27. Let me further describe the authority and prestige which Lycurgus bestowed upon a king on campaign. While on service a king and his entourage are maintained by the state. The officers join his mess so that they are always at his side to allow them to confer whenever necessary. There other Equals are also members of the mess and take care of the others’ needs and ensure that they have no concerns to distract them from the business of war.

28. I should go back to how the king starts out with his army. First, while still at home, he sacrifices to Zeus and associated gods. If the sacrifice appears favorable, the Fire-bearer takes the fire from the altar and conveys it to the frontier of the polis, where the king sacrifices again to Zeus and Athena. Only after both of these gods have reacted favorably does he cross the frontier of the polis. Fire from these sacrifices is conveyed onwards without being extinguished. In every instance when he is making a sacrifice he begins the operation before daybreak, with the aim of being the first to win the god’s favor. Also present are two ephors, who do not involve themselves, but observe each person’s actions and ensure that they are correct in every case. Once the sacrifices are completed, the king assembles everyone and gives orders. In short, if you witnessed this you would think that militarily all others are amateurs, whereas Spartans alone are the real masters of the craft of war. With these arrangements the king is left with no other duty on campaign except to act as priest in the divine sphere and as general in the human one.

29. When not in the presence of an enemy, nobody goes in front of the king except the skiritae and the cavalry on reconnaissance. However, if battle is immanent the king takes command of the first battalion and wheels it right until it is placed between two other battalions. The troops positioned behind these are marshaled by the eldest member of the king’s entourage. Lycurgus also made the following splendid, and in my view advantageous, arrangements for actual combat. Once the enemy can see what is happening, a she-goat is sacrificed, all the pipers present begin playing, and every Spartan decorates himself with garlands of flowers and polishes his weapons. Young men may enter battle with their hair oiled and groomed and with a joyful, distinguished appearance.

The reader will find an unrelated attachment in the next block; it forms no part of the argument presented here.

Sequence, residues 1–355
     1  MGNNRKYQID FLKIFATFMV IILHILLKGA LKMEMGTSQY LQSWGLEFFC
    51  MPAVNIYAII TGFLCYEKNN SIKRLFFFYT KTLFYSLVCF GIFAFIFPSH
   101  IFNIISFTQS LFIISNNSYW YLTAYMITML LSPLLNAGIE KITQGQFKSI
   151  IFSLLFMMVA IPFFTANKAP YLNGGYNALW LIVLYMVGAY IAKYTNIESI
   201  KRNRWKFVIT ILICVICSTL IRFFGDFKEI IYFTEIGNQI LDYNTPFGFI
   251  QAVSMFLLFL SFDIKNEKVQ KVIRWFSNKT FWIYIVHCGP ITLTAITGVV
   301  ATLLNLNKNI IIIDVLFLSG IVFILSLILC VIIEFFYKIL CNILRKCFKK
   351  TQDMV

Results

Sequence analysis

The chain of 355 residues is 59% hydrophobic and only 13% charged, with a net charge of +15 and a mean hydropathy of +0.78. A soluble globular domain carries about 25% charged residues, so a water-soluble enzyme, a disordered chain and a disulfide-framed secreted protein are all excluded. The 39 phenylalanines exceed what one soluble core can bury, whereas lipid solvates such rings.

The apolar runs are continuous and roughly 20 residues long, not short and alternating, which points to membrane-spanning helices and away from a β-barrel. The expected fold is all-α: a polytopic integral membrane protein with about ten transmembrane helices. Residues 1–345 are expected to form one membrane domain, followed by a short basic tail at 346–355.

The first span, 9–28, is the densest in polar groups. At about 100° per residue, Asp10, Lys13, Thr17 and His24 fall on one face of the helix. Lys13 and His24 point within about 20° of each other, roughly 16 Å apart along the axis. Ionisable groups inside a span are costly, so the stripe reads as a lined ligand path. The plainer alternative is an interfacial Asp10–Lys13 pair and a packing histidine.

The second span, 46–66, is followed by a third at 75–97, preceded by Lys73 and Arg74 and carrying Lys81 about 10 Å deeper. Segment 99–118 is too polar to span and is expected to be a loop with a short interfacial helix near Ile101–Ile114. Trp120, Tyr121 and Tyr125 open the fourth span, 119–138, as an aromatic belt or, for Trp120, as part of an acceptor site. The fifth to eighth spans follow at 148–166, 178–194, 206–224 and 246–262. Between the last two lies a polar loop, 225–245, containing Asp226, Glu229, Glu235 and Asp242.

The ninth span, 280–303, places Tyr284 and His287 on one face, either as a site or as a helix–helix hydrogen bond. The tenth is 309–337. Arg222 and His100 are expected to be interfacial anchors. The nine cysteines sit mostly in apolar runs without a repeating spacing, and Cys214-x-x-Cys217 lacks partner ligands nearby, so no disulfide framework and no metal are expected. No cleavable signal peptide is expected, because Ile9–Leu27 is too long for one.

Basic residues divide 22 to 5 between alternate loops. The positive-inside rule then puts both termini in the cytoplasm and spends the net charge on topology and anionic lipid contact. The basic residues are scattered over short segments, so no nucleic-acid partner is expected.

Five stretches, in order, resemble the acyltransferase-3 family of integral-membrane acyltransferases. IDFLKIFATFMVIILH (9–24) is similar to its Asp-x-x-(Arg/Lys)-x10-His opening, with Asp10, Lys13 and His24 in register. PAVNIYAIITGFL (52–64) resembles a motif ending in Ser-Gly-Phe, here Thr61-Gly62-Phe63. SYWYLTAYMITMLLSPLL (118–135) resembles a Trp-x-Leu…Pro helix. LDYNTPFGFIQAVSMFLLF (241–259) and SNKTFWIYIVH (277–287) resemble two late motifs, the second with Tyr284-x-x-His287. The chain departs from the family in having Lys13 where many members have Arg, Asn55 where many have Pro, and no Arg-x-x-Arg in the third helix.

30. The king’s oath is to rule according to the city’s established laws, while that of the city is to keep the king’s position unshaken so long as he abides by his oath. His special privileges at home do not amount to much beyond those of an ordinary citizen, for it was not Lycurgus’ intention either that kings should acquire a tyrannical attitude or that citizens should come to envy their power. As to the honors shown a king after his death, the aim of the laws of Lycurgus demonstrate that they give special honor to Spartan kings not as humans but as heroes.

30. Were anyone to ask whether I think that the laws of Lycurgus still remain in force and unchanged even at the present time, by Zeus no, I would not have the confidence to make that claim today. I am aware that in the past the Spartans chose to live together at home with modest means rather than to serve as harmosts in various cities and so be corrupted by flattery. I am also aware of how in the past they feared any disclosure that they possessed gold or silver, though nowadays there are even some who glory in having acquired it. I know that in the past too, for this reason, expulsions of foreigners used to occur and Spartans were not permitted to go abroad lest they be infected by lax habits caught by foreigners. But I know that nowadays those who have the reputation of being leading citizens have proved keen to serve abroad as harmosts all their lives. At one time, too, they would have taken care to ensure that they deserved to occupy the position of leadership, but nowadays their main preoccupation is just to exercise authority rather than be worthy of doing so. In the past, for instance, the Greeks came to Sparta and asked her to be the leader against those they felt were wronging them. But now many are calling upon each other to prevent a further period of Spartan rule. It is certainly no wonder that these aspersions are being cast against them, since plainly they are obedient neither to heaven nor to the laws of Lycurgus.